In the world of non-compete litigation, it is well-known that employee non-compete agreements are unenforceable under California law. As a result, when a non-compete dispute has any ties to California, we often witness the proverbial race to the courthouse. In essence, the former employee facing the possible lawsuit will seek to file first by bringing an action for a declaratory judgment in California court. The hope is that if the employer files a subsequent lawsuit in a different venue, the other court will dismiss or stay the action pending the outcome of the California case. In most instances, the goal is to convince the California court to invalidate a contractual forum selection clause and choice of law provision, apply California law and declare the non-compete agreement unenforceable. A recent case out of the Northern District of California shows us how this theory can play out in practice.
The facts are as follows: Rich Bernier and Jay Sughroue are California residents who worked in California for a water treatment company called CH20. CH20 is organized under the laws of Washington and has its principal place of business in Washington. As part of their employment with CH20, Bernier and Sughroue signed employment contracts that contained a non-compete provision. Their respective contracts also contained a forum selection clause and choice of law provision, providing that Washington law would govern and that jurisdiction and venue would be in the state of Washington. On January 26, 2011, both Bernier and Sughroue left CH2O and went to work for a rival water treatment company called Meras Engineering. That same day, Bernier, Sughroue, and Meras filed a lawsuit in the Northern District of California seeking a declaratory judgment holding that their non-compete agreements with CH20 were unenforceable. Bernier, Sughroue and Meras also asserted a number of other claims for unfair competition and tortious interference.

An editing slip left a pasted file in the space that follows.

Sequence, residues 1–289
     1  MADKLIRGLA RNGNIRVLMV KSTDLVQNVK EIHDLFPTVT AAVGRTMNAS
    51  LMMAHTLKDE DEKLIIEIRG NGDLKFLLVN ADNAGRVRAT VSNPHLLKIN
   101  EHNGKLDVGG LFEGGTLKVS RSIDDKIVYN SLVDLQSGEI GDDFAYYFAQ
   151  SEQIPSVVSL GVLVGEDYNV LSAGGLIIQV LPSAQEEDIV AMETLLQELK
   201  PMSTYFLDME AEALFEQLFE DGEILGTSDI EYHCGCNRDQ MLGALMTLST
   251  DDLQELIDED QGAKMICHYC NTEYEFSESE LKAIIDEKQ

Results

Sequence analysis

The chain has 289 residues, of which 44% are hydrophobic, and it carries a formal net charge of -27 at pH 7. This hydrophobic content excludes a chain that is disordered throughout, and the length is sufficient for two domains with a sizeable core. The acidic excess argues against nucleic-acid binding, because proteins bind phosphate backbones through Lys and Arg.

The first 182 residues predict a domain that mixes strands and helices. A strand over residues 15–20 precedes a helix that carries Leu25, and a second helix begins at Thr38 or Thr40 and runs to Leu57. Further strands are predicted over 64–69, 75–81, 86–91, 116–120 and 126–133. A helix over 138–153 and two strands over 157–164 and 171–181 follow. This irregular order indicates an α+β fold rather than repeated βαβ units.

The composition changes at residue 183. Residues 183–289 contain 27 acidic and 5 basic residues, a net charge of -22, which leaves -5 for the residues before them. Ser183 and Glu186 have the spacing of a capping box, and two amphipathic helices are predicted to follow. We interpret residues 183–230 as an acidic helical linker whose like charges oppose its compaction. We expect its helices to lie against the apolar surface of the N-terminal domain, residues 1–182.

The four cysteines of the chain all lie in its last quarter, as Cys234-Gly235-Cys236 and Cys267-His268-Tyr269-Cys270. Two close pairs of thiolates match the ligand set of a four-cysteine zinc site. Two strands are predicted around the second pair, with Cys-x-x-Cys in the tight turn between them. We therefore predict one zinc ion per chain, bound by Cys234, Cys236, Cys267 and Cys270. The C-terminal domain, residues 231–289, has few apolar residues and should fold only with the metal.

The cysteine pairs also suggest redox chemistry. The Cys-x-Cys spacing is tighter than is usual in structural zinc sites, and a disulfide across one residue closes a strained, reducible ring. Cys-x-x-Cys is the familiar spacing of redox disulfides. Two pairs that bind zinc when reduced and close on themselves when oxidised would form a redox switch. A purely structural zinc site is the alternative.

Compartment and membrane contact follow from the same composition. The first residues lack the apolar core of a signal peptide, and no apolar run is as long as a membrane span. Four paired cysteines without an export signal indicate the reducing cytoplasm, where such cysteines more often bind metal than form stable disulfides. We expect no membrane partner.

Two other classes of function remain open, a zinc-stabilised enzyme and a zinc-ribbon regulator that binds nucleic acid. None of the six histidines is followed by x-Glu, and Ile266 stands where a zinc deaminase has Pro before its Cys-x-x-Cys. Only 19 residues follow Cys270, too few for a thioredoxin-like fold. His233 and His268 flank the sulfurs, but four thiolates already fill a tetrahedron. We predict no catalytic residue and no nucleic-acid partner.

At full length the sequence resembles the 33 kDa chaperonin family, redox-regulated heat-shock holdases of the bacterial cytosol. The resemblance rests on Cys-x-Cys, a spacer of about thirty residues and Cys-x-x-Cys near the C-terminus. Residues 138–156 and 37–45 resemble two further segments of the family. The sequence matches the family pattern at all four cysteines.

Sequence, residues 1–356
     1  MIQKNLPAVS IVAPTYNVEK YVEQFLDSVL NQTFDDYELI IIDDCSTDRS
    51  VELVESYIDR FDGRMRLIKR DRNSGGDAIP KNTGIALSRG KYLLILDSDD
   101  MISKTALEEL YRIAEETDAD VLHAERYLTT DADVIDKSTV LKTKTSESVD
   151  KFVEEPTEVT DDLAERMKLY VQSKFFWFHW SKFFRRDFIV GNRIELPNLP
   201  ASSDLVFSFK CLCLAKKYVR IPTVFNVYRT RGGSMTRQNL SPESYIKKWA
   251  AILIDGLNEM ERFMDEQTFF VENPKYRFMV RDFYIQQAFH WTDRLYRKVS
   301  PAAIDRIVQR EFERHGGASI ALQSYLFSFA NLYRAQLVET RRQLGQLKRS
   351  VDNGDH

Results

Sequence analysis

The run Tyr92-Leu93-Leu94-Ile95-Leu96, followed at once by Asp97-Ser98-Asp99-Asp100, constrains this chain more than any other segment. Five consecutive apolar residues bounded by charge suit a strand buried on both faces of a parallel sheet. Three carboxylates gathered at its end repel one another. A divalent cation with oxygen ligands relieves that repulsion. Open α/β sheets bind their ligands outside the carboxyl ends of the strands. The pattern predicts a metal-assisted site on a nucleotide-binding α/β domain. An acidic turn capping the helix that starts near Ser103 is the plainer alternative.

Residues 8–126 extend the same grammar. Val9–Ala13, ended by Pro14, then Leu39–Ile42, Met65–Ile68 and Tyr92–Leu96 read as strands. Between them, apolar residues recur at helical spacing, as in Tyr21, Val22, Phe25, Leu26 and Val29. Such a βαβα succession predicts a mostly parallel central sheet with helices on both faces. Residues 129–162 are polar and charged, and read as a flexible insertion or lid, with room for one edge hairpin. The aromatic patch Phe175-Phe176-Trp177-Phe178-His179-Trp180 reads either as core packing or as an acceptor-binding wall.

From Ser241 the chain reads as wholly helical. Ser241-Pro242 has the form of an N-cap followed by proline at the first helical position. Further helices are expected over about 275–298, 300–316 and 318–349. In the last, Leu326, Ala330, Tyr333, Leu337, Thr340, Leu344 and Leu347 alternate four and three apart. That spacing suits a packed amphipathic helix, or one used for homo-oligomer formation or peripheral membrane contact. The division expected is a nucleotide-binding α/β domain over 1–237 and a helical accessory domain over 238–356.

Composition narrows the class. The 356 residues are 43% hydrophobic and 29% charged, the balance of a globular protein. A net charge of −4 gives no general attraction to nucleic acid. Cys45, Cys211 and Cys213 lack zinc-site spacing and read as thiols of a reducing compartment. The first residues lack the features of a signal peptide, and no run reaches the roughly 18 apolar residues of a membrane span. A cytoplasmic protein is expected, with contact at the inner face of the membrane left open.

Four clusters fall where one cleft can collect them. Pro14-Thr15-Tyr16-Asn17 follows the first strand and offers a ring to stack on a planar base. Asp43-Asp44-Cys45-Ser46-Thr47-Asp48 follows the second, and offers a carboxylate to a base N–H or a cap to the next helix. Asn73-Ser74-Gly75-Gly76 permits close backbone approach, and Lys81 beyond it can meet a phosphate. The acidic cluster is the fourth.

Shortly after the original lawsuit was filed, CH20 filed suit against Bernier and Sughroue in Washington state court seeking to enforce the non-compete agreements. The case was then removed to federal court. A few months later, the plaintiffs in the California action moved for partial summary judgment, arguing that California law applied and that under California law the non-compete agreements were void. Meras then filed a motion to stay the California proceeding pending the outcome of the Washington case. Instead of staying the case, the court dismissed the California case with prejudice, holding that the dispute would have to be resolved in Washington, as required by the contractual forum selection clause.
The court noted that Meras, the new employer, was not a party to the employment contracts at issue (and therefore had not agreed to be bound by the forum selection clause). In spite of this, the court reasoned that it was appropriate to enforce the forum selection clause against Meras because Meras was closely related to the dispute at hand. I find that aspect of the opinion troubling to say the least, particularly given that Meras is a California corporation and Meras is not a party to the Washington case. But the rest of the opinion is perfectly reasonable.